Exam 2 Flashcards Preview

Biomaterials > Exam 2 > Flashcards

Flashcards in Exam 2 Deck (61):
1

Calcium (Phosphate/Sulfate) is a main component of _____

PHOSPHATE!

Bone

2

Integrins are

intracellular transmembrane proteins that Govern signals and cell growth, FACILITATE FOCAL ADHESIONS

NOT Differentiation

3

Endothelial cells in the _______ layer of a blood vessel experience shear stress as blood flows through the vessel

Tunica INTIMA contains endothelial cells

Tunica Media = Muscle cells

Tunica Adventitia contains fibrous collagen

4

Bioactive materials act to elicit

specific biological responses at the tissue/material interface in attempts to enhance bond formation

5

Osteoinductivity is the ability of a material to:

encourage osteoCLAST attachment and migration

Osteoconductivity = OsteoBLAST

6

The 3D structure of a protein can influence the function of the protein

True

7

Hydrogel swelling can be activated by

pH, temperature or electric field

8

Surface topography (roughness) of a biomaterial can influence

cell attachment

9

Secondary Ion Mass spectroscopy allows analysis of surface based on

mass + charge ratio
or mass + ion composition
or mass and functional groups

10

Experimental data has shown that fluid flow over osteoblasts can

align actin filaments

11

Complements are (Intracellular/proteins in the bloodstream) that are capable of activating the immune system

PROTEINS IN THE BLOODSTEAM

not intracellular

12

Surface modification at the nanolevel is a

top down approach

Surface mod = top down

Bottom up is when the whole thing is nano

13

Size of imprint in photolithography depends on

The wavelength of the beam

14

The pattern of focal adhesions is dictated by

nanoscale surface features

15

Nanocrystalline hydroxyapatite enhances

bone growth in vivo

16

When testing the release of drug from a degradable polymer, temperature IS important because

It influences rate of diffusion and degradation and thus drug delivery

17

Growth factors affect:

Cell growth, proliferation, AND DIFFERENTIATION

18

Experimental data discussed has shown that dynamic loading:

HAS an effect on the rate of bone repair (Wolff's law)

19

Nanoscale material surfaces can cause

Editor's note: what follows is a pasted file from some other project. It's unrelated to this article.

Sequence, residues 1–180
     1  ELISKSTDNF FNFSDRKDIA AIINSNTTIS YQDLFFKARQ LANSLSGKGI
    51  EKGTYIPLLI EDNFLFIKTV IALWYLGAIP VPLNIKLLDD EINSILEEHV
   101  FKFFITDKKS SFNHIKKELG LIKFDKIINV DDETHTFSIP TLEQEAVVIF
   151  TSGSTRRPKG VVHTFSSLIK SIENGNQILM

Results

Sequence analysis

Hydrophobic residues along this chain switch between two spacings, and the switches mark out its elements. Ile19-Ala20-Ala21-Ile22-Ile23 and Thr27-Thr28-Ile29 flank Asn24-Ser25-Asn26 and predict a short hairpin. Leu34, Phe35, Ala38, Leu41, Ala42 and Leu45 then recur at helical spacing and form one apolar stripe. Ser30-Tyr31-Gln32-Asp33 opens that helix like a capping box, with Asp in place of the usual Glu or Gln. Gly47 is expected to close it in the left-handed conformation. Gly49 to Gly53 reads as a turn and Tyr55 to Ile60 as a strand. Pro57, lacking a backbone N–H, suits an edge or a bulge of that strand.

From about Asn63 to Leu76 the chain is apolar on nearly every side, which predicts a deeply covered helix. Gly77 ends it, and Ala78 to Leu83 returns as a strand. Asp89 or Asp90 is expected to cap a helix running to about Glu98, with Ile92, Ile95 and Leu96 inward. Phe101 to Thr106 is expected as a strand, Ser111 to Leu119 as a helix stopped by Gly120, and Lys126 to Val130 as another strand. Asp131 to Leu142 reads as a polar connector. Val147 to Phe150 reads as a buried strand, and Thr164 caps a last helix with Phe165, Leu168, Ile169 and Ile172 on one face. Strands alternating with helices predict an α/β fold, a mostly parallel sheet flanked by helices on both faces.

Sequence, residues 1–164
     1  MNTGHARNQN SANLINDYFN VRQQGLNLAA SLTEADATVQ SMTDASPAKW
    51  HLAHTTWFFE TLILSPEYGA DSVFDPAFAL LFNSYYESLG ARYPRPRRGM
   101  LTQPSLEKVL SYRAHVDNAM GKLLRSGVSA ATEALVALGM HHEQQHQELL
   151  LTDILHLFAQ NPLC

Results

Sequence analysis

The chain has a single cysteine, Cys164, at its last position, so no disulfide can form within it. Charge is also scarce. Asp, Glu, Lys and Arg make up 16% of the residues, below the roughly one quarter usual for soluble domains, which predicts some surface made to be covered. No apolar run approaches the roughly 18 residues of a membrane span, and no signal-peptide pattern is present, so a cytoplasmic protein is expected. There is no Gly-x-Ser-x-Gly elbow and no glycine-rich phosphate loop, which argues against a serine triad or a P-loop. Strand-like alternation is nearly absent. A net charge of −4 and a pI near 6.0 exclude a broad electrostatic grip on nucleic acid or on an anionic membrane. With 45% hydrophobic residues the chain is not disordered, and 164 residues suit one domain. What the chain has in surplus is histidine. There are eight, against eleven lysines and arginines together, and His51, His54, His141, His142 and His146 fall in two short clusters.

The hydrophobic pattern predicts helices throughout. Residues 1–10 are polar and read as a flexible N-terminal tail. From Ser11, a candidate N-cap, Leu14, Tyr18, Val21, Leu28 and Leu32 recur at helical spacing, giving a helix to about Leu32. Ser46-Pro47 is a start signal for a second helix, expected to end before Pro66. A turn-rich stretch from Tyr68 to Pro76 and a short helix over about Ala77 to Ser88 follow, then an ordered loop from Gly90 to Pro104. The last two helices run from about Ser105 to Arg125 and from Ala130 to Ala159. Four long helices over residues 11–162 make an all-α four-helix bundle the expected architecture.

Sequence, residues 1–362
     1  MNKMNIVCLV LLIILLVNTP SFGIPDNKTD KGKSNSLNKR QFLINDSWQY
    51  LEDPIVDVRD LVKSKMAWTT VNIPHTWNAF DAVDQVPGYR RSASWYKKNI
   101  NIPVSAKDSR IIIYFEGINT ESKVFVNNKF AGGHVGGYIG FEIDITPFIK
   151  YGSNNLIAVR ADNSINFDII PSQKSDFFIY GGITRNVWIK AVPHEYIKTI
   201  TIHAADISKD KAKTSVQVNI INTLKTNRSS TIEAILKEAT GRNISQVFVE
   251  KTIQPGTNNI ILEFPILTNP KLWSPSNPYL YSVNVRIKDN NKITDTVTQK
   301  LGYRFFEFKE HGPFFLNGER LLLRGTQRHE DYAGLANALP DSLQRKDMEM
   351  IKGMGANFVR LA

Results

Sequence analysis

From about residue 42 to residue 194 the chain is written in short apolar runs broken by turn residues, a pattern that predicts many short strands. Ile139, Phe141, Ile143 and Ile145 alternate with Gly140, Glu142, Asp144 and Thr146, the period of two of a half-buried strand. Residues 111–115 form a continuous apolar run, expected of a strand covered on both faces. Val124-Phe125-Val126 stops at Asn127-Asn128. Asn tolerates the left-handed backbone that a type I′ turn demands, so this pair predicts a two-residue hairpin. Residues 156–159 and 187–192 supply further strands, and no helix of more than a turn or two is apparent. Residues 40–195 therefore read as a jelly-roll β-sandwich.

altered protein adsorption

20

In general, it is advisable to obey the hierarchical structure of tissue when designing a tissue engineering scaffold

True

21

Contact angle measurement is a way of directly determining strength of adhesion between a cell + substrate

False! It is to determine the hydrophilicity or hydrophobicity of a material


and it is SURFACE characterization

22

Experimental data has shown that all drugs are delivered at the (Same/different) rate when incorporated into (CPP:SA) polymers

Different

23

Actin expression (can/cannot) be influenced by the physical forces associated with fluid flow

CAN

24

The (Yield/Ultimate) stress is indicative of the max load a material can sustain prior to failure

ULTIMATE

Yield stress is point between elastic/plastic

Elastic modulus is

25

Nanotechnology encompasses:

Any material with at least 1D below 1um in measure, any material between 1-100 nm in length, any material between 1-1000 nm in length

ALL of the ABOVE

26

Which of the following is not a type of cell-matrix adhesion:

A. Microtubule
B. Fibrillar adhesion
C. 3D matrix adhesion
D. Focal adhesion

A. Microtubule

it is in the cytoskeleton not the matrix at all

27

Which characterization method involves analysis of construct's pore structure

Mercury Porosimetry

Not SEM or FTIR spec

28

Top-down approach of nanoscale biomaterials development:

Modification of structures larger than nano
NOT Nanotubes

29

Bottom up approach of nanoscale development: